Third, a new model of public sector enterprise: not privatisation but a new approach with funding incentives for efficiency and innovation.

Fourth, a new economic policy for unleashing enterprise and local renewal: an end to the top-down, command-and-control iron grip of the Treasury killing local economic revival.

Fifth, a post-statist model of social justice based on social enterprise: moving from the hand-out state to the leg-up state, ending dependency on the state and embedding welfare support in local economies and communities.

Sixth, a new contract of citizenship to show UK citizens they still belong and that their citizenship is valued: a new “social contract” in which UK citizens who fear being left behind are given tangible opportunities by the state as entitlements of their citizenship.


But the most important renewal of all is democratic renewal. 

Our politics is failing.

Our Parliament is failing.

Our Party is failing. In last year’s “Brexit Election” we lost 10% of our MPs which is the gaping wound in the English Conservative Party disguised by the success of Ruth Davidson’s cavalry of new generation MPs.

Jacob - our generation is in danger of betraying the hopes of the next.

That is a betrayal of Conservatism. Worse, it’s a betrayal of public office.

Tonight I’m making you a big, bold, and generous proposal: for a new coalition and a new Brexit.

Shaped and led by a new generation. For a new generation. 

If we fail, I predict other coalitions will replace us.

The growing coalition for a People’s Vote and a second referendum which will probably see Brexit rejected.

And a growing coalition of voters who think we Conservatives have run out of ideas and authority. 

Making Brexit the moment a whole new generation of voters reject not just Conservatism, but the narrow, nationalistic, nostalgic triumphalism which Brexit is in danger of symbolising. 

We need a One Nation Conservative Brexit, Jacob, not a UKIP Brexit.

Yes, this is about leadership.

Let me be clear.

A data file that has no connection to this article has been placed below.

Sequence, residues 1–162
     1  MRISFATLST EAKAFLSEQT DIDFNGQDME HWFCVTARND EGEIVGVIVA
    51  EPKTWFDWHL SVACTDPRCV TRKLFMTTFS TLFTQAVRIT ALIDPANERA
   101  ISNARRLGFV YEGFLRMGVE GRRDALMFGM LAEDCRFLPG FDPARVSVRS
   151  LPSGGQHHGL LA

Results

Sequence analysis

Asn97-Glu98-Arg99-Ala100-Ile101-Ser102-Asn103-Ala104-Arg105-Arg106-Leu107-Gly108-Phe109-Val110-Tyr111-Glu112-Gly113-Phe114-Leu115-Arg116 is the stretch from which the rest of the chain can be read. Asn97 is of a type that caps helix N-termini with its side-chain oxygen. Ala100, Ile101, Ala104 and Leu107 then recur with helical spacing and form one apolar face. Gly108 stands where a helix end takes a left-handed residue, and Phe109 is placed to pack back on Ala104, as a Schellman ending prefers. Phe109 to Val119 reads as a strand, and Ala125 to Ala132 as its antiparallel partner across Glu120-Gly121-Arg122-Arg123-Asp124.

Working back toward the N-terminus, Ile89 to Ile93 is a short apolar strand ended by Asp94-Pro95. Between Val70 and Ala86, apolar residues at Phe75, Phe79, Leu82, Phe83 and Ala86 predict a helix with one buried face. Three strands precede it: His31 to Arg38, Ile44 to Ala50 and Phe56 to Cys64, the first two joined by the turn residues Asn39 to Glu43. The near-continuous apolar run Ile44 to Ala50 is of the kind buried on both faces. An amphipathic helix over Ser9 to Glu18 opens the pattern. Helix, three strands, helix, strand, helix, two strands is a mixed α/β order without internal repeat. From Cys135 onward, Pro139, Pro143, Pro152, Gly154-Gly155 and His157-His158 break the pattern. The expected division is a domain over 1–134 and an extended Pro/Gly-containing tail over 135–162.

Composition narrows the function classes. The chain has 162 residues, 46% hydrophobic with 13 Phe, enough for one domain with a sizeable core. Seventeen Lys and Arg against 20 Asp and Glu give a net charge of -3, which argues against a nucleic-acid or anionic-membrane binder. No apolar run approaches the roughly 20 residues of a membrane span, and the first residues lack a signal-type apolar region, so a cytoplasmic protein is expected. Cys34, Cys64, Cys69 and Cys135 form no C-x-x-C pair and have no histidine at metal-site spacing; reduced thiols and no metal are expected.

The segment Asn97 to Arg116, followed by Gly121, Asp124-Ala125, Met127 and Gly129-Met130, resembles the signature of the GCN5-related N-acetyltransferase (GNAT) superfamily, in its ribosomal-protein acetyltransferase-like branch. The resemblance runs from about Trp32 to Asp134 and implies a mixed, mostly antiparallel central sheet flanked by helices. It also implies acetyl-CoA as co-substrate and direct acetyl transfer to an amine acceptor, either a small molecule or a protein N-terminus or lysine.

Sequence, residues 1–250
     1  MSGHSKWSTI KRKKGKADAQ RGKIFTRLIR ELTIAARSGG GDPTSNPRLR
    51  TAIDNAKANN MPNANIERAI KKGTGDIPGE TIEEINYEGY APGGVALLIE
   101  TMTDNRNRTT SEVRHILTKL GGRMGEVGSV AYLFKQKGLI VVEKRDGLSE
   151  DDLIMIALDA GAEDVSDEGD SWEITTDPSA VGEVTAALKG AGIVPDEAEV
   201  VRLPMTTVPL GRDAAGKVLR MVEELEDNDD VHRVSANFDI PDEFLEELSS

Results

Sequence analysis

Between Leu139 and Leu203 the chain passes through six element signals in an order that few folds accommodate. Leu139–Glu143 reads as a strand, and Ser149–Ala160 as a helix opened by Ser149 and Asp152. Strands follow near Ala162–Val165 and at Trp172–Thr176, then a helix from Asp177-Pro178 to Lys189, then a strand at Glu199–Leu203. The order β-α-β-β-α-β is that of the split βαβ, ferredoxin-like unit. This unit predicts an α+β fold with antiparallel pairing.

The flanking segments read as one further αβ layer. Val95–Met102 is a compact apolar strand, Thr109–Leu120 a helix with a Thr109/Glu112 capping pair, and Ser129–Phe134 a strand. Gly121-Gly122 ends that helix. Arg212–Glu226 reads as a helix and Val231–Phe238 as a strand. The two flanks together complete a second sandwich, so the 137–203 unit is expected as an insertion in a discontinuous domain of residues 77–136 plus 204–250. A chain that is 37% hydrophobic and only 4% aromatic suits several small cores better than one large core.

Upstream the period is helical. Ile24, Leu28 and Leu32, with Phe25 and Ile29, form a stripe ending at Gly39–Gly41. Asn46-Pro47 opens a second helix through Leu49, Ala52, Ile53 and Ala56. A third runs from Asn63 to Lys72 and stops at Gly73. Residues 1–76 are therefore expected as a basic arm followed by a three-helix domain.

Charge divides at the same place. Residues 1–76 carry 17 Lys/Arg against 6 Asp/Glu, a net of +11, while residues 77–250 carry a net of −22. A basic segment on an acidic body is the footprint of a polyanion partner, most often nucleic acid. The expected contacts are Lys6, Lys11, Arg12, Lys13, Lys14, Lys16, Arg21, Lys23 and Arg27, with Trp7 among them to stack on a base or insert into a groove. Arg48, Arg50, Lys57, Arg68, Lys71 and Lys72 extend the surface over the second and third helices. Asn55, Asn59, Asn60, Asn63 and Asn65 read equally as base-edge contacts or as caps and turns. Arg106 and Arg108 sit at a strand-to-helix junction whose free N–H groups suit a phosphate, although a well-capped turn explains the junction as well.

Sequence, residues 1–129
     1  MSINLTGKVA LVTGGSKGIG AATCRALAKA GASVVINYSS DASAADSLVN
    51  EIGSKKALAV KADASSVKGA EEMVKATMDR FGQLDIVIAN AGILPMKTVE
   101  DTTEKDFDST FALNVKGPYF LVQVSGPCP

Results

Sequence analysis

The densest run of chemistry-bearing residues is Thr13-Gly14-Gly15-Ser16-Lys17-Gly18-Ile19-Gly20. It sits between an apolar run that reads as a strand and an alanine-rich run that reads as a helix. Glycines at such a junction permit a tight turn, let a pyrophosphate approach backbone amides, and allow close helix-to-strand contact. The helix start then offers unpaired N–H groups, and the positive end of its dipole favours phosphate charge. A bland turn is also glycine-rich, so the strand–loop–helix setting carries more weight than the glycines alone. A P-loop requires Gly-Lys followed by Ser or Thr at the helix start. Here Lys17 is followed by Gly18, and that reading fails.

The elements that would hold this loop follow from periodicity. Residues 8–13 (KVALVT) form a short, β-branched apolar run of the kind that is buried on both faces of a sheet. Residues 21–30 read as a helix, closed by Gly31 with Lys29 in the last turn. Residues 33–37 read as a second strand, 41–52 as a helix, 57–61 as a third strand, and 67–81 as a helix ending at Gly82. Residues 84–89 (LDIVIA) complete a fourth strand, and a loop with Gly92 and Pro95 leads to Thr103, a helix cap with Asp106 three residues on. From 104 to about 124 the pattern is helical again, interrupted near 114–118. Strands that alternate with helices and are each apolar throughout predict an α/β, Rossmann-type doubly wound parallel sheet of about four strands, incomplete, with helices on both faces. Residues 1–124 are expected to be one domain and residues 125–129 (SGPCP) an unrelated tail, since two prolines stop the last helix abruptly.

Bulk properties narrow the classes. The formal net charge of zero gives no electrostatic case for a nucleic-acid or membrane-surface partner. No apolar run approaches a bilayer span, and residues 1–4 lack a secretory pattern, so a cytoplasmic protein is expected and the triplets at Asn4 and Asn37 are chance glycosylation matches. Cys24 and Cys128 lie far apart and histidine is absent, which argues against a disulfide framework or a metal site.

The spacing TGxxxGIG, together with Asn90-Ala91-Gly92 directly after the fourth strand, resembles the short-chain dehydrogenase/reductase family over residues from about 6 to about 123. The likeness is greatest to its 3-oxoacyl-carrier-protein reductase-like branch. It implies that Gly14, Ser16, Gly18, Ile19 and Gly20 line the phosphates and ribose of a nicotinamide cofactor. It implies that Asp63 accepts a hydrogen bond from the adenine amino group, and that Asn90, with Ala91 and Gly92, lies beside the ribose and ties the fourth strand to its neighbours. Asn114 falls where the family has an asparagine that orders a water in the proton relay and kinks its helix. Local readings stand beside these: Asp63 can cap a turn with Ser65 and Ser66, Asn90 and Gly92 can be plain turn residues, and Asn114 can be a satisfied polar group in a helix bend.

I think the PM has done an extraordinary job to make the best of an appalling legacy. She deserves the gratitude of a nation which was rudderless in June 2016.

She deserves the chance to honour her promise and deliver our departure from the European Union on March 29th. 

But for Brexit to succeed in being the catalyst for the national renewal, I believe the second phase of the negotiations must be forged by a new leader.

Someone liberated from the poisonous politics of the EU referendum and the shambles that has followed.

So let us commit today, Jacob, as politicians of the 21st century (not the 18th!), to recast this debate and this moment to work not for the benefit of us but the benefit of our children and the next generation.

In the words of the last great Western leader to invoke the spirit of a new generation to heal the wounds of the old: “So let us begin anew....remembering on both sides that civility is not a sign of weakness ...and sincerity always subject to proof. Let us never negotiate out of fear. But let us never fear to negotiate.  Let both sides explore what problems unite us instead of belabouring the problems which divide us”.

So Jacob, let our generation bring together the two sides of our party in a renewed contract of a One Nation Conservative Brexit.

If we fail, we don’t simply fail our respective wings of the Conservative Party. We also fail Conservatism and our public duty to the next generation, which is that most Conservative thing of all.


Big Tent Ideas Festival

Politics is undergoing a tectonic shift. That’s why I launched the Big Tent Ideas Festival, aiming to tackle the most difficult policy challenges we face. The Festival has now run for two years. This year we hosted our first-ever Leaders’ Summit and brought nearly 2,000 people together for the main Festival across fifty events and eight different tents, discussing ideas to reform our politics, our economy and our society.

The Big Tent Ideas Festival is part of the Capital Ideas Foundation, founded by a group of entrepreneurs to campaign for renewal in the radical centre-ground. Over the next year, we will be setting off round the country as the forum for the best new ideas in public policy. Click below and join us.

Read more:

Big Tent Ideas website


We are in the middle of a Brexit civil war. What is clear is that the existing options will not unite our country.

Chequers has been dismissed by Brussels and is roundly rejected by the ERG. The Canada option was also not designed for the circumstances we currently face. We are a European nation already heavily reliant on the single market - wanting ideally to retain access to the single market without being in the 'political' union.

That’s why I believe ongoing membership of the European Free Trade Association is now the obvious route. It would give us off-the-shelf access to the single market, allow us to take back control of our fishing and farming industries, control free movement and let us negotiate our own trade deals.

Unless we stand up and fight for a sensible moderate Brexit, we risk enduring a #HardBrexit. There is an alternative that we can embrace now. It is time to embrace EFTA.